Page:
Browse Prior Art Database

Physical Implementation of a Modular Decoder

IP.com Disclosure Number: IPCOM000040559D
Original Publication Date: 1987-Nov-01
Included in the Prior Art Database: 2005-Feb-02
Document File: 2 page(s) / 80K

Publishing Venue

IBM

Related People

Coppens, P: AUTHOR [+3]

Abstract

This article relates to a modular decoder to be used with expandable random-access memory (RAM) macros personalized on gate arrays. The subject methodology allows a user to automatically place and wire a specified size RAM macro by simply inputting a minimum set of parameters as word and bit numbers and input/output I/O requirements. The placement and wiring are done using elementary kernels as four one-bit word four-word decoders, one-bit data in/data out block and a control block. To reduce the number of kernels required to handle and suppress via matrices needed to interconnect the word decoder inputs to address lines running in the wiring bays, the decoder architecture performs all interconnections to address lines internally to the decoder kernel.

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Physical Implementation of a Modular Decoder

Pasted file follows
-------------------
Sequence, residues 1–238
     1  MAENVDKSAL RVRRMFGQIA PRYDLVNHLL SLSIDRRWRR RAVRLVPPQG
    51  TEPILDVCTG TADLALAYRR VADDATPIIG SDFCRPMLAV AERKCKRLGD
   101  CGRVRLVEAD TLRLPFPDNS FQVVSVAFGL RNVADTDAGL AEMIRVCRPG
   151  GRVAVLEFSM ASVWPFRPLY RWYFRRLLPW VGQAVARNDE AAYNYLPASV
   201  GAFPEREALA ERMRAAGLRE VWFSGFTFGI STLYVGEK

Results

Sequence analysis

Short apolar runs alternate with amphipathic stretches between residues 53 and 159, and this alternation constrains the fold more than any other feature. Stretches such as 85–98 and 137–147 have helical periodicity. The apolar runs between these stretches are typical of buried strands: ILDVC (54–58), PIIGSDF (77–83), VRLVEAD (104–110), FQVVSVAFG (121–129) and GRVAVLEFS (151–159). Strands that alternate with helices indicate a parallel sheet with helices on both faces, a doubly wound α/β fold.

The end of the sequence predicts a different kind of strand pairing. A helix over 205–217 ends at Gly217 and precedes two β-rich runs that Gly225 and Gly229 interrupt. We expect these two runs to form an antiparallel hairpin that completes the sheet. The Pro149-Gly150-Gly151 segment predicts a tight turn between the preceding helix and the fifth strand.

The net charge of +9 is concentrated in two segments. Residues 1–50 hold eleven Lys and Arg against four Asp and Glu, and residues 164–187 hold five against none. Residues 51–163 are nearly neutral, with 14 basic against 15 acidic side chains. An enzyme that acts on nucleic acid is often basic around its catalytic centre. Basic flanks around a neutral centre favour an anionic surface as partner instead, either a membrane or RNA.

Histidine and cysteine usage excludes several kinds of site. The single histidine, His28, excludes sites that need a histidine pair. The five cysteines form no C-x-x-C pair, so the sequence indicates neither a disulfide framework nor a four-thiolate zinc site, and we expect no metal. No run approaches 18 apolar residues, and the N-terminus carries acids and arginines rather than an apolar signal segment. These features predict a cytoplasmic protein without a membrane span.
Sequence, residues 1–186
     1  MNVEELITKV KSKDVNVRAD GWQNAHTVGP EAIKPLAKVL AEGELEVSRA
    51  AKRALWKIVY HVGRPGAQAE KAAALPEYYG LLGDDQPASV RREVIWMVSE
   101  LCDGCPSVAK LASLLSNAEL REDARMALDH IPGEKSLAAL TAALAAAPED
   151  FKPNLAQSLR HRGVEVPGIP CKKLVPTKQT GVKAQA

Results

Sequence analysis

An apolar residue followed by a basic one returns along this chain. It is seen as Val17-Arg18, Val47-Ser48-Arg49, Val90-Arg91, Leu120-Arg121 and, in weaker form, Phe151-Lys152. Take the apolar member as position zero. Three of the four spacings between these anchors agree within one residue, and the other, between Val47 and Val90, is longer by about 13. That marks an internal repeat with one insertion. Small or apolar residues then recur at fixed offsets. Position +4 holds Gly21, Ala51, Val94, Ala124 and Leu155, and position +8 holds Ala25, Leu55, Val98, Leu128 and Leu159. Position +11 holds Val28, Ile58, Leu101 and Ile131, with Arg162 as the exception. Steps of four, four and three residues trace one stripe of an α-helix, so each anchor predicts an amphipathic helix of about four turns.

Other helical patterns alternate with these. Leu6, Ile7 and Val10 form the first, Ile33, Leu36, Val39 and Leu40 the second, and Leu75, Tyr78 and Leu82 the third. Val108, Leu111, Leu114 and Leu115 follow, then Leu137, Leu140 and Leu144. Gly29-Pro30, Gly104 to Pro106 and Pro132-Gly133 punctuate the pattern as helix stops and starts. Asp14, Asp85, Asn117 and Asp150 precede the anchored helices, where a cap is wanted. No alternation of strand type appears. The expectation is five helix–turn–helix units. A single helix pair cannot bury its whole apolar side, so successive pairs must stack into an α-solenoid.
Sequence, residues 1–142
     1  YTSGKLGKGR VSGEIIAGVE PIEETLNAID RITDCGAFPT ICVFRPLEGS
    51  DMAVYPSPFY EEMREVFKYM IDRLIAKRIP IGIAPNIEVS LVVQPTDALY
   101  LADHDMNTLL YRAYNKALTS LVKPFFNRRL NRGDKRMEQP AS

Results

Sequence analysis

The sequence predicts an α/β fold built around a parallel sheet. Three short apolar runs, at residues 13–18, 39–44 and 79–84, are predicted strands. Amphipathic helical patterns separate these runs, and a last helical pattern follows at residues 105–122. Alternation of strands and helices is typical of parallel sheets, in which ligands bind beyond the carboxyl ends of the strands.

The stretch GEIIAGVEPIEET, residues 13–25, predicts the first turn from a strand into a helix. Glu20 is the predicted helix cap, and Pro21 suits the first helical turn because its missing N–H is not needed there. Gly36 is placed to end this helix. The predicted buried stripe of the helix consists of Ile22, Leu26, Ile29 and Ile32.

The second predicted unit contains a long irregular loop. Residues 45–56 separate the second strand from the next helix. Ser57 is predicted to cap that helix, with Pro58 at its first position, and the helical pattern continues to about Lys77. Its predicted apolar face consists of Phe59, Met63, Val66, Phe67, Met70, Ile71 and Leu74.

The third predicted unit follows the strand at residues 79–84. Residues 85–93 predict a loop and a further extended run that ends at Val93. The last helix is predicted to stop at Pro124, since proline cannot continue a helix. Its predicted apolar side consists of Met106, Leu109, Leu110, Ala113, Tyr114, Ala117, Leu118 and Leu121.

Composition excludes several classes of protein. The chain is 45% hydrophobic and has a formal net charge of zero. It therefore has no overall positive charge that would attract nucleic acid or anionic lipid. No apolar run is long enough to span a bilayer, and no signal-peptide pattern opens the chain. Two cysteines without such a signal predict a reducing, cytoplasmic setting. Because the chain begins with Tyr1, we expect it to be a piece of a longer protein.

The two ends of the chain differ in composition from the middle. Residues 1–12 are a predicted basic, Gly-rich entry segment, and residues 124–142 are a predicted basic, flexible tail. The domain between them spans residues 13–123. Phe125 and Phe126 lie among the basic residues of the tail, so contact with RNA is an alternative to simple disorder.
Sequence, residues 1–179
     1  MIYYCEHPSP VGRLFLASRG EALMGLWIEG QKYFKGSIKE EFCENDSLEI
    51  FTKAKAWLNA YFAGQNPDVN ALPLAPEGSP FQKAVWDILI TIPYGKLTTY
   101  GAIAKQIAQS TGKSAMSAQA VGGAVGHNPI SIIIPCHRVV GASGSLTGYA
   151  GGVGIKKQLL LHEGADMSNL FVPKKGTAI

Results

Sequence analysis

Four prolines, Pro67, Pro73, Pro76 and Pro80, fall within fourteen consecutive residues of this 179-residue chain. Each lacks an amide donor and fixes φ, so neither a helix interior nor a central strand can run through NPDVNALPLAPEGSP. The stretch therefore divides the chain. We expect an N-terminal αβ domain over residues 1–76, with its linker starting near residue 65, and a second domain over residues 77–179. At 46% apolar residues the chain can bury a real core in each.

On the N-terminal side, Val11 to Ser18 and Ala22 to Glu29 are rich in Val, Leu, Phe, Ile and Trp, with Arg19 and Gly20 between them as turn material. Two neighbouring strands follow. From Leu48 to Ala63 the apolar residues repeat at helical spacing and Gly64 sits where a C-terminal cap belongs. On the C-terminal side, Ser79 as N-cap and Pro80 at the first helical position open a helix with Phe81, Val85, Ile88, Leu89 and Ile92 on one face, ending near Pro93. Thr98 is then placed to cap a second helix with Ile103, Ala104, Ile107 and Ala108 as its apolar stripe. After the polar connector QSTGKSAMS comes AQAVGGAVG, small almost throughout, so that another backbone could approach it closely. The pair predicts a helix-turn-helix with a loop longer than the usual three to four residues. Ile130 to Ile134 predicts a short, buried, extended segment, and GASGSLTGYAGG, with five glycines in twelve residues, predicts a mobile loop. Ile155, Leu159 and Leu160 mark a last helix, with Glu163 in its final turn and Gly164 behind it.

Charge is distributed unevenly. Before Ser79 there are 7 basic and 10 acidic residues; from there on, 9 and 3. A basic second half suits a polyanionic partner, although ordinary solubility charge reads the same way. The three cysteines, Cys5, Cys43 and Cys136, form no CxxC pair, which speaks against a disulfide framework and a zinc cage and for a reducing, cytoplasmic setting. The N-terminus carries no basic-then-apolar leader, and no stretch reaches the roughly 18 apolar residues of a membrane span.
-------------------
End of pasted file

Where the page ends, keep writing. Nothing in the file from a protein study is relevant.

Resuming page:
This article relates to a modular decoder to be used with expandable random- access memory (RAM) macros personalized on gate arrays. The subject methodology allows a user to automatically place and wire a specified size RAM macro by simply inputting a minimum set of parameters as word and bit numbers and input/output I/O requirements. The placement and wiring are done using elementary kernels as four one-bit word four-word decoders, one-bit data in/data out block and a control block. To reduce the number of kernels required to handle and suppress via matrices needed to interconnect the word decoder inputs to address lines running in the wiring bays, the decoder architecture performs all interconnections to address lines internally to the decoder kernel. Therefore, all decoders are identical with a modulo of four-word lines, as shown in Fig. 1, and the address truth table implementation is done through an address line periodical permutation within the decoder (as shown in Fig. 2). Addresses 0 and 1 are identically connected in each decoder. Addresses 2 to 4 are shifted by one row at the inputs of each decoder, thus allowing all binary combinations to take place. In the figures, T0 to T4 and C0 to C4 identify true and complement values of the address bits 0 to 4, respectively.

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